We are using non-transparent proxy using ldap authentication connector. When a user attempts to access a http website via the proxy it works fine. However, when the user attempts to access a HTTPS site, the firewall denies the request. We are NOT intercepting the traffic; we have an exempt all rule for SSL traffic. Switching to the Passport authenticator (with LDAP settings behind it), users are prompted for their password and BOTH http and https works! However it appears to be IP based rather than session based (because users who are NAT'd internally do not get prompted once someone else has logged in behind the NAT). Is there any way to either: (A) make HTTPS work with authentication on our non-transparent proxy or, (B) make the passport authenticator session based so that users behind a NAT get prompted to enter their credentials ?????????
On a side note, it appears as though the firewall is stepping on iteself when using LDAP authentication with HTTPS non-transparent proxy as it stright-up denies the traffic and the protocol is not even identified.
Im running 8.3.1 P05 The firewall is setup as a non-transparent proxy for HTTP and HTTPS applications.
When i use HTTPS as an ip filter (by manually creating a HTTPS application using TCP/443) i get the following: In-band authentication cannot be done on transparent SSL. Session terminated.
When i use SSL (the default application) i get straight-up denied:
2014-03-05 07:47:46 -0500 f_http_proxy a_aclquery t_attack p_major
pid: 11666 logid: 0 cmd: 'httpp' hostname: blah.blah.com
category: policy_violation event: ACL deny attackip: XX.XX.XX.XX
attackzone: internal application: <Unknown TCP> srcip: XX.XX.XX.XX
srcport: 50346 srczone: internal protocol: 6 dst_geo: US
dstip: 22.214.171.124 dstport: 443 dstzone: external rule_name: Deny All
cache_hit: 1 reason: Traffic denied by policy.
Taking out authentication from the rule, i am able to get out just fine.
Using passport authentication, this works! However, the NAT problem is introduced as indicated above.
Using Password authentication, this works! However this is not a viable solution and the NAT problem is also introduced as indicated above.
Using LDAP authentication, i get immediatly denied.
Message was edited by: mathew.d.hailey on 3/5/14 7:18:18 AM CST
Message was edited by: mathew.d.hailey on 3/5/14 7:39:46 AM CSTMessage was edited by: mathew.d.hailey on 3/5/14 7:55:51 AM CST
Is the HTTP proxy set to 'non-transparent' or 'both' in the generic app-defense settings for this rule?
You must add SSL/80 to the ports on this rule or change the settings in your browser to send SSL on port 443 (rather than 80) to get SSL to work non-transparently through the firewall rules (Firewall Enterprise: How to pass HTTPS through the non-transparent proxy (KB70020))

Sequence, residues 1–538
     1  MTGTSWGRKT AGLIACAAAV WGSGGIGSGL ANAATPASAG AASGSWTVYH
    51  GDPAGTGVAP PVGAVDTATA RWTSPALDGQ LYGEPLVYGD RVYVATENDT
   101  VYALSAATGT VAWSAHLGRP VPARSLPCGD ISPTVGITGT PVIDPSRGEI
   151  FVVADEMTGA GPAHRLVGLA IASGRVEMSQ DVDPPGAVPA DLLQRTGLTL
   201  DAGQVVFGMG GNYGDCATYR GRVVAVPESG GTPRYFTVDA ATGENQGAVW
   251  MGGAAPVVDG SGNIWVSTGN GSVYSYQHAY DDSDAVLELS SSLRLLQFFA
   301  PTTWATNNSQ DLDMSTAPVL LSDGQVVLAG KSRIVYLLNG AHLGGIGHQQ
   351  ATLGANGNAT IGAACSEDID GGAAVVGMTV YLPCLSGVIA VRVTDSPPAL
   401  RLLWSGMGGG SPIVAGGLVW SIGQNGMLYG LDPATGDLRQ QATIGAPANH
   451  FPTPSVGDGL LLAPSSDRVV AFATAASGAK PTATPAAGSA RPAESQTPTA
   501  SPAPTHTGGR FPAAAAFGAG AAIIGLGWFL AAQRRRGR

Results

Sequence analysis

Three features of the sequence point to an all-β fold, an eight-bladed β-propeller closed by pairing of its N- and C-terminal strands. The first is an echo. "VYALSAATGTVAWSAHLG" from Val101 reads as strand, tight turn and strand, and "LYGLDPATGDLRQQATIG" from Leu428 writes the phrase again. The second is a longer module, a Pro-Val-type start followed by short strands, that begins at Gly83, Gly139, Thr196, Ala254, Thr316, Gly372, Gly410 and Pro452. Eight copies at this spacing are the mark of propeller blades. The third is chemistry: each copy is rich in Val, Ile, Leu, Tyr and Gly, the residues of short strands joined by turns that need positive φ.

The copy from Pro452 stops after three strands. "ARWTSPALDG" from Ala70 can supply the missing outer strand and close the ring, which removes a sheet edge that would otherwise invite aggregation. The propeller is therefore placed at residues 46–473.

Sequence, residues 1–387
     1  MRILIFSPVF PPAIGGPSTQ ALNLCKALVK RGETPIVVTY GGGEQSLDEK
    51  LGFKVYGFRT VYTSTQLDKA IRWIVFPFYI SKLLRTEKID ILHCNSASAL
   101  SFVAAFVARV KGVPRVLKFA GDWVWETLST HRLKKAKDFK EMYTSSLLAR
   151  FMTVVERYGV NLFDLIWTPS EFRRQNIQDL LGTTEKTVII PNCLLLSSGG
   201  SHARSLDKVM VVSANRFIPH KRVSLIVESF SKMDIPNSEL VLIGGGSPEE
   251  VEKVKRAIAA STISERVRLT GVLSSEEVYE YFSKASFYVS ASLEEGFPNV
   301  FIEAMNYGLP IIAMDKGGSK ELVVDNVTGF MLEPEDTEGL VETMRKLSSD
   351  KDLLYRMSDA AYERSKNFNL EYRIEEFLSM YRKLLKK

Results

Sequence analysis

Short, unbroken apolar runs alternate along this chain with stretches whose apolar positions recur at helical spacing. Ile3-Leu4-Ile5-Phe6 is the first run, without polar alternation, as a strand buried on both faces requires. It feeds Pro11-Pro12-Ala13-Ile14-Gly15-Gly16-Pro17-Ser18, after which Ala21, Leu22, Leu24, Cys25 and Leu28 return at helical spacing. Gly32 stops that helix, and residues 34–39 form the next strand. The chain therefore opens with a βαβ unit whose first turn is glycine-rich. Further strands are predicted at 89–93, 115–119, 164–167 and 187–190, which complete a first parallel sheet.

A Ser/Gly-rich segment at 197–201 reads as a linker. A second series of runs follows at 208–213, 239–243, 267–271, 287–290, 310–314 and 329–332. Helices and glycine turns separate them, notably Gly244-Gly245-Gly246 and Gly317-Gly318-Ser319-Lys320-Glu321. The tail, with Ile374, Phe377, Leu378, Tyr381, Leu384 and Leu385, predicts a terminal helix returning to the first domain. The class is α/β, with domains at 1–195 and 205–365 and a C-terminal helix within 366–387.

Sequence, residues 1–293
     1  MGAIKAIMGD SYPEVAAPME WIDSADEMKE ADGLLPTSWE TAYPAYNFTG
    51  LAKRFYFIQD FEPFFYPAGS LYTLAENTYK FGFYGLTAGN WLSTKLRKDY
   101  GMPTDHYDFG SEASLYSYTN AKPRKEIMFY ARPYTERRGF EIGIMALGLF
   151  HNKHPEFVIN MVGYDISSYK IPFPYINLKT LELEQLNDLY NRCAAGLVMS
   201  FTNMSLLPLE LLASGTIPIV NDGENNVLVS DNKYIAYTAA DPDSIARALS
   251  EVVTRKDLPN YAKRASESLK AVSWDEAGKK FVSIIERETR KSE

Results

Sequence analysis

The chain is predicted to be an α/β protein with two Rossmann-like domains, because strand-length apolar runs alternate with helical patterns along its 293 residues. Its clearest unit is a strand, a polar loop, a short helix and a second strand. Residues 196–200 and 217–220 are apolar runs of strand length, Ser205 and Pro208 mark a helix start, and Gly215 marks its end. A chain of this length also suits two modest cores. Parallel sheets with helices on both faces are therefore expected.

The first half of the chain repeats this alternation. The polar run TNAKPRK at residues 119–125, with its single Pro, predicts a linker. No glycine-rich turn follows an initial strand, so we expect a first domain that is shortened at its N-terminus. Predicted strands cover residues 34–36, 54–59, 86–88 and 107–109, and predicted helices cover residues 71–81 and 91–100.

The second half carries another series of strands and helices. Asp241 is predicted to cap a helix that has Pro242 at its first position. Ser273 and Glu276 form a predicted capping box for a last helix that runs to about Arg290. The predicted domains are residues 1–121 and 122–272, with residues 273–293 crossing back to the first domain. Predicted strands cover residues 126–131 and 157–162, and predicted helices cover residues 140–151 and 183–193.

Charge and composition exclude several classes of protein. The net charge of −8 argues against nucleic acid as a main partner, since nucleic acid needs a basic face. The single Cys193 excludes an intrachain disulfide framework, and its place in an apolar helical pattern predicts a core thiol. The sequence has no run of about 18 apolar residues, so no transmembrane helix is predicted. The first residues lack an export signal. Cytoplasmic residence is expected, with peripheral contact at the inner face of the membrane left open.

The 'NAT problem' is unsolvable from the firewall's perspective.
Confirmed, the HTTP app defense "generic" is set to "non-transparent" for all the agents (FTP, HTTP, Oracle and Telnet).
I have added the following over-ride to the "internet services" rule: TCP/80 SSL/80,443 (we currently use this configuration on all our firewalls, so i was already familiar with this).
Any other thoughts?
Its unfortunate about the NAT problem, i dont understand why it cant be session based like the LDAP authenticator is.
A few of us here set this up and it worked fine for us. The 'Deny All' audit tells us we are hitting some rule but we can't be sure we're hitting the correct rule. Do you have any other HTTPS rules which interract with this rule (do you have any other HTTPS rule using authentication)? Do you see any auth failures in the audit?
This reminded me of this recent Community post here: https://community.mcafee.com/message/320225#320225
You get a Deny All/Unknown TCP audit when the firewall cannot identify the traffic. Since taking auth out of the rule works we know the firewall is seeing this as SSL/TLS traffic. If a session is interrupted before the firewall can identify the application (such as a request for auth which is denied by the client) then we will see Deny All/Unknown TCP. If the firewall requests auth and we fail the authentication we will see an auth deny audit. If the firewall asks for auth but is RST or FINed we will hit Deny All. That may be what is happening here.
Thanks for the breakdown of the firewall responses, this actually helps alot! Actually the Firewall is seeing a FIN and hence the deny all. I will do some more dumps to see where the FIN is originating.
OK..... using your notes about the firewall responses, i was able to figure out what was going wrong.
LDAP is the only authenticator that appears to work behind a NAT. is this correct?